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A Busy Start at the Sun-Sentinel
“Trust me, we’ll keep you busy.”
I did not forget those words in a mail Antonio Fins, my mentor and editorial page editor of the Sun-Sentinel, sent me earlier in the year while preparing for the fellowship.
And, as if to match these words with action, even while driving me from the airport that cool Tuesday evening, April 5, he did not waste time in giving me what you could call a “brief” on the activities of the Sun-Sentinel, and some of the things I would be involved in.
The about two-and-a-half hour trip from Washington D.C., which had some bumpy moments, was tiring, but the excitement with which Fins received me, gave me an inner strength that got me taking in all he was saying.
Since I had indicated environment reporting as part of my goals, he talked about the Everglades, reeling out statistics and information, just to give me an insight about the environmental issues surrounding it. He literally whet my appetite.
“David Fleshler is our environment reporter, I’ve told him about your interest in environment reporting and he is looking forward to meeting you,” he said.
Though the day was already far spent, Fins deemed it fit to get me into the swing of things.
Our first port of call, after dropping Arlene Satchell, business reporter, who accompanied me from Washington D.C., was the Sun-Sentinel newsroom. But, of course, after this, he gave me a “welcome” dinner.
As I would later find out, the Sun-Sentinel office was about a 10-minute drive from my apartment.
Located on the ninth floor, the newsroom occupies a large space, with all the gadgets you would expect to see in an American newsroom.
It was very much unlike the newsroom I was used to back in Nigeria. Here, like every other reporter, I had an intercom phone on my desk that I could use to communicate with anyone in the newsroom. There is a store for pencils, papers and pens that all reporters like me had access to. This was very rare back home, perhaps, because of the cost implication. Reporters also post their stories in newsgate – a system which every reporter has access to, as long as your system is configured to log on to it.
The reporters here are very warm. It was a sharp contrast to what I had expected, especially after the course on “culture shock”. I’ve gone along with a number of them, though for many we have never even spoken. But, really, it is not because they are not friendly. The journalism profession is a time-consuming profession.
Every morning, there is a meeting of all the desk editors/heads at 9:30, which I also attend. The interesting thing about this meeting is that it usually lasts for about 30 minutes. For me, it was a lesson about the importance of time management. Every editor brought story ideas to the table. They are discussed thoroughly, yet, it never exceeds that period of time. Back home, editorial meetings could last for three hours.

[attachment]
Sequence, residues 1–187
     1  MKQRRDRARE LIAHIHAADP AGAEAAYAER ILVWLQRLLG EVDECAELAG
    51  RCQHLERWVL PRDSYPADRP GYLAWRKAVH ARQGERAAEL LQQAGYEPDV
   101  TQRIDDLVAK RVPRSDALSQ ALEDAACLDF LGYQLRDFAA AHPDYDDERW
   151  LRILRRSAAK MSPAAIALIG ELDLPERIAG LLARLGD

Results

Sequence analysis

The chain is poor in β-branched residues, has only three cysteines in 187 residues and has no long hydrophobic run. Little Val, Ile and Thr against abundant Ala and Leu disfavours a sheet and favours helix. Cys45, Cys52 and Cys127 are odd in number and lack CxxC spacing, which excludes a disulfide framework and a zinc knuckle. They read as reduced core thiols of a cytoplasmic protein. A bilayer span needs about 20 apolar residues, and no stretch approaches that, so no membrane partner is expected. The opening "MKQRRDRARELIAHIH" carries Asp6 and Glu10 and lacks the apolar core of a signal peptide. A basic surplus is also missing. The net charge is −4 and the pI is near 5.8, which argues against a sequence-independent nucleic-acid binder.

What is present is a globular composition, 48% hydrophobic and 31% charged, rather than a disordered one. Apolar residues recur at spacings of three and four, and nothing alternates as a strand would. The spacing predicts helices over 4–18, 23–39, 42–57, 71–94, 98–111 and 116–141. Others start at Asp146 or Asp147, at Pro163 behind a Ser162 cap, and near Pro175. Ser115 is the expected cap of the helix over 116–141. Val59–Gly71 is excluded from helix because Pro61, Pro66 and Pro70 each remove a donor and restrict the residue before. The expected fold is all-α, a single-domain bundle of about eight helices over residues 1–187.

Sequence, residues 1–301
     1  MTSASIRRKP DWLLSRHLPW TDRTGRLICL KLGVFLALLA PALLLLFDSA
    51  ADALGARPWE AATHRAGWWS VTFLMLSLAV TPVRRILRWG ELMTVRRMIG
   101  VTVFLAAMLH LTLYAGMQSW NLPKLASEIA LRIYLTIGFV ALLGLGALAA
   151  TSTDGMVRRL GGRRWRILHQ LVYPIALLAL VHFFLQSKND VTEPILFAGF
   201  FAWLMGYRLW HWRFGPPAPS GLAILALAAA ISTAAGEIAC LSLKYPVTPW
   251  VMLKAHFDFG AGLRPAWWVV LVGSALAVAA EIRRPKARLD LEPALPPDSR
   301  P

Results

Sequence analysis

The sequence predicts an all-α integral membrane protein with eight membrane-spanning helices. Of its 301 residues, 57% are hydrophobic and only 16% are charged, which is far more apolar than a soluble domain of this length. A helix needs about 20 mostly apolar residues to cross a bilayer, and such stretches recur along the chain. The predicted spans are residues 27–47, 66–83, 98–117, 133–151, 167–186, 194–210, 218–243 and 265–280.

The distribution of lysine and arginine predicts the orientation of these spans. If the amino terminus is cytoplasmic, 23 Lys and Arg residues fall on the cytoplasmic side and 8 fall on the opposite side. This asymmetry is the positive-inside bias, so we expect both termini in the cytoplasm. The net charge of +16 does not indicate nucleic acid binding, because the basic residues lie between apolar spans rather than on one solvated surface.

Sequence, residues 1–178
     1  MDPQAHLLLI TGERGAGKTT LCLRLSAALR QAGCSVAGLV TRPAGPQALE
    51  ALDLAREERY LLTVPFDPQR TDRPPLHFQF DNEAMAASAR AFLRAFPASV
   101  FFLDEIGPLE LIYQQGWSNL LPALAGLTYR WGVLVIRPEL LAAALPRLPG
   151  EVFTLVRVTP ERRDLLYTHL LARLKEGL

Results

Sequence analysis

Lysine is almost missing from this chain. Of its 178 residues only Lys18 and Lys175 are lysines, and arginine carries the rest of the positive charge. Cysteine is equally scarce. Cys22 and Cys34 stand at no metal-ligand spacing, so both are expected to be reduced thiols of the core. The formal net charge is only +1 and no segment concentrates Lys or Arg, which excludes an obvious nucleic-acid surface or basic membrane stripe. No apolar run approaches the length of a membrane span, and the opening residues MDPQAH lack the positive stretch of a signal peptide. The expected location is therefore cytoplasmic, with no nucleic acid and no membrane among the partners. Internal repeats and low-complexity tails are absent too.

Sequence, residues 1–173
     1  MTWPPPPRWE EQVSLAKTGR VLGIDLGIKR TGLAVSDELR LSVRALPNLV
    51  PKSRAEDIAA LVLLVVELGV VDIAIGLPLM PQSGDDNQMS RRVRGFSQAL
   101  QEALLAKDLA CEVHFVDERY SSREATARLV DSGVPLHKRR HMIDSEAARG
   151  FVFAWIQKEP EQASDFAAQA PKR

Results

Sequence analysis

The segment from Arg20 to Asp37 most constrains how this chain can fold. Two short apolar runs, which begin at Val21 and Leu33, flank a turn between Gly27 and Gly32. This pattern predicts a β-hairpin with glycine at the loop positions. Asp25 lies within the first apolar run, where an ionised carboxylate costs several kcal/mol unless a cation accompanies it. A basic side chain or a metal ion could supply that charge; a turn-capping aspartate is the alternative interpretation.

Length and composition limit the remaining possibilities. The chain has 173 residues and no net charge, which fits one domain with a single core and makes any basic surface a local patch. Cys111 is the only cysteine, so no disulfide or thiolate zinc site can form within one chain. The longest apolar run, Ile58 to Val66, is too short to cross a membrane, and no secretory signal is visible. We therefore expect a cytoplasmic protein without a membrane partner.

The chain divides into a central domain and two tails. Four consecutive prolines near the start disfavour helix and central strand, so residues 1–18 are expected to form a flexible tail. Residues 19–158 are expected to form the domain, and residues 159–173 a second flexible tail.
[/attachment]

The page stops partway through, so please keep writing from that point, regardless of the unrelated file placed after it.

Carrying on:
To further immerse me into “life” at the Sun-Sentinel, Fins, brought me into the “buzz” editorial team. For the uninitiated, the Sun-Sentinel website has a “Today’s Buzz” section, which receives significant visits from readers.
At the meeting, which holds just after the meeting of the desk editors, we discuss topical issues brought up from the tons of news events happening within and outside of the U.S. I’ve had the privilege of anchoring one of the “Today’s Buzz”. It was a very exciting task for me. We also come up with topical issues that would used for the Sun-Sentinel editorial.
For my interest in multimedia, my mentor has already introduced me to Danny Sanchez, who is in charge of the section. I would be with him full-time at some point in time.
Perhaps, due to my desire to improve on my writing skills, I’ve sort of found myself involved at the editorial level.
With the skyrocketing price of gasoline, I found myself being thrust with the task of writing a feature on the issue. I was glad that my piece turned out to be a “clean” piece, with my mentor having to make very minimal corrections. It was a most necessary boost for the tasks ahead.
A big thank you to Jonathan Friendly and Randall Smith for the "drills" during the journalism course in Washington D.C.
But like they say: a journalist is as popular as his or her last by-line. So, got to keep on working.
- Your Pal
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